Tag Archives: MRI

Best of EAST #3: Spine MRI Usage After EAST Guidelines

In 2015, EAST published their practice guidelines for spine clearance in the obtunded blunt trauma patient. Click here to view them. They stated that a high-quality CT scan can be used to remove (clear) the cervical collar in these patients. This avoids the use of the expensive and personnel-intensive MRI clearance.

The group at UCSF used the NTDB to review the use of MRI in such patients over an 11 year period. They focused on comatose patients (GCS < 8) with an AIS head > 3 and intubation for more than 72 hours. They used logistic regression to equalize confounders while examining the use of MRI over time, before and after the guidelines were published.

Here are the factoids:

  • More than 75,000 patients from 530 trauma centers were included
  • Patients who were older, Hispanic, uninsured, or involved in a car crash were less likely to undergo spinal MRI
  • Level I centers were more likely to use MRI for clearance than Level II centers
  • Patients evaluated after release of the practice guidelines were 1.7x more likely to undergo MRI for spine clearance (!!)

The authors concluded that spinal MRI use has been increasing since 2007 despite publication of the EAST guideline.

My comments: To me, this indicates one of the following:

  1. Nobody reads the EAST guidelines, or
  2. Trauma programs believe that they alone are able to figure out what is right, and everyone else is wrong

I suspect that it is #2. For some reason, trauma programs insist on doing it their own way despite what decent evidence shows. I think that this represents a defense mechanism to minimize the cognitive dissonance that comes with defying what is published in the literature.

I always encourage programs to borrow/steal what is already out there when crafting their own practice guidelines. Someone else has already done the work, why not take advantage of it? Typically, it’s just an excuse to continue doing things the way they’ve always been done.

This incessant reinventing the wheel becomes tiresome. And for once, I don’t have many questions or suggestions for the authors. Their evidence is pretty well laid out. 

My questions for the author / presenter are:

  1. Do you use MRI for spine clearance in your obtunded blunt trauma patients? And if so, WHY?
  2. Why do you think there are demographic and trauma center level disparities? Is it the teaching environment? Something else?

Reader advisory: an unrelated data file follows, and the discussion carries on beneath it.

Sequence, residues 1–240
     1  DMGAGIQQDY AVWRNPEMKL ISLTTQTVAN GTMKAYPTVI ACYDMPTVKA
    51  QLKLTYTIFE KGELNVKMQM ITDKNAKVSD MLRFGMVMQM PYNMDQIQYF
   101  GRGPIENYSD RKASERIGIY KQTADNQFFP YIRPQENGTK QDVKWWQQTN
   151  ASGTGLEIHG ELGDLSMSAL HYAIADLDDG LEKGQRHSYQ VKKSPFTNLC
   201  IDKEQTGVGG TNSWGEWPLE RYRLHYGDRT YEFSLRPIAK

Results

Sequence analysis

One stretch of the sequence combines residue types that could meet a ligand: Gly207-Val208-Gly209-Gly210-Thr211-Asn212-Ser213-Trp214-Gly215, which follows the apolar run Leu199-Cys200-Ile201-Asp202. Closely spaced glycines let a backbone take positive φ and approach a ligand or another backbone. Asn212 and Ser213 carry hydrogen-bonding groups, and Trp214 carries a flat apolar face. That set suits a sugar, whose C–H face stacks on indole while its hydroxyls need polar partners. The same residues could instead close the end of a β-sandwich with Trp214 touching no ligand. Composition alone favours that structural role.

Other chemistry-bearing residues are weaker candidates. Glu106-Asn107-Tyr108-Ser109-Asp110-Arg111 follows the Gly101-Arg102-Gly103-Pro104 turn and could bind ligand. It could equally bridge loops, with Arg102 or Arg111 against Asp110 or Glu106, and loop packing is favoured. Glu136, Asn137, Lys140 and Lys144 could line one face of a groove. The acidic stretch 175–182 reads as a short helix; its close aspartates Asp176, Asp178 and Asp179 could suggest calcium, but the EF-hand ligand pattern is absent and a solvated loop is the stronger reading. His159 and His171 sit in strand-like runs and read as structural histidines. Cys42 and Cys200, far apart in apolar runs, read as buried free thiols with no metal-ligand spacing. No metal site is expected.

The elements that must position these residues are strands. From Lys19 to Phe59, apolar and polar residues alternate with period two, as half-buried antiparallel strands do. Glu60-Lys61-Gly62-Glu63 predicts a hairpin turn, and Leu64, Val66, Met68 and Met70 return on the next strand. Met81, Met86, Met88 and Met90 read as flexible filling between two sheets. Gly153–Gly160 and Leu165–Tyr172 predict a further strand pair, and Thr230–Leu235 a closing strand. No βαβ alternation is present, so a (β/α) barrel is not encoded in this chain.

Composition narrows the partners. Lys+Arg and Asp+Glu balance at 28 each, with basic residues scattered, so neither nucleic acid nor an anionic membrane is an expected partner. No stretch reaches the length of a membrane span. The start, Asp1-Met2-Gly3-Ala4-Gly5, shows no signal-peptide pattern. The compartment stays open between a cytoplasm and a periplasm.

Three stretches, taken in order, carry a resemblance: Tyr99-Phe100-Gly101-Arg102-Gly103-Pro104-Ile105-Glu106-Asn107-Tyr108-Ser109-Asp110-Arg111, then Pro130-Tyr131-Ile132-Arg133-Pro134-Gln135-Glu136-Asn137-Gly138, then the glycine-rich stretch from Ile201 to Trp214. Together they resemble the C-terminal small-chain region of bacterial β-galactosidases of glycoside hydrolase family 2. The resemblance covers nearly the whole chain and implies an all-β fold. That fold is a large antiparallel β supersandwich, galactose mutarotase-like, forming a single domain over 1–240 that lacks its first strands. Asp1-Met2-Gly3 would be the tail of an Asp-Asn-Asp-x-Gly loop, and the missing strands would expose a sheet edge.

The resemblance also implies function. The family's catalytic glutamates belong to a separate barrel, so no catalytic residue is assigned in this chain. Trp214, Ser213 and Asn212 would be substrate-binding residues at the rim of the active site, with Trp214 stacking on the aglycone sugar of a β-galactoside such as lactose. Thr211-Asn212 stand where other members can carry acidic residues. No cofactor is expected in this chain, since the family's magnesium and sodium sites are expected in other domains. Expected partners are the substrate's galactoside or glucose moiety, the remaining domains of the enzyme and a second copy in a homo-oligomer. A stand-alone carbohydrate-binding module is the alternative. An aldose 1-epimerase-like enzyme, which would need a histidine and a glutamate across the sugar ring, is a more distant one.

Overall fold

To everyone else, I say “get over yourself and read the literature!”

Reference: Assessing the e3ffect of the EAST guideline on utilization of spinal MRI in the obtunded adult blunt trauma patient over time. EAST 2021, Paper 7.

What? Still Using MRI For Cervical Spine Clearance?

Cervical spine clearance as evolved considerably over the years. First, there were five views of the spine using plain radiography. Then there were three. Then we moved to CT scan with clinical clearance. And currently, many institutions are relying only on CT.

But MRI has been used as an adjunct for quite some time. Initially, it was the tie breaker in patients who had equivocal CT findings, and for a while it was used for clearance in obtunded patients. And thanks to conflicting literature and disparate studies, the occasional usage became more frequent.

The group at Cedars-Sinai Medical Center in Los Angeles  noted that the percentage of patients undergoing MRI for cervical spine evaluation at their center slowly slowly crept up from 0.9% to 5.6% over a 10 year period. They designed a study to analyze the utility of this practice and inform their future practice.

Here are the factoids:

  • Over 9,000 patients had cervical spine CT during the 10-year study period; 513 (5.6%) were positive
  • Of the 513 CT-positive patients, 290 (56%) underwent an MRI. This showed:
    • Confirmation of the major injury in 250
    • Minor injury in 40
    • Clinically significant injury was seen in only 2 which was no surprise since they both had neurologic deficits
  • Of the 8,588 CT-negative patients, only 9 had clinically significant findings and 8 of them had neurologic deficits

Bottom line: So what have we learned here? First, MRI usage at Cedars-Sinai increased over time but was really not that useful. The main use was for imaging obtunded patients or those with an obvious neurologic deficit.

More than half of patients with positive CT scans also underwent MRI. If a major injury was seen on CT, MRI confirmed it. But if the CT findings were minor, none of the MRIs added any clinically significant findings in the absence of a neurologic deficit.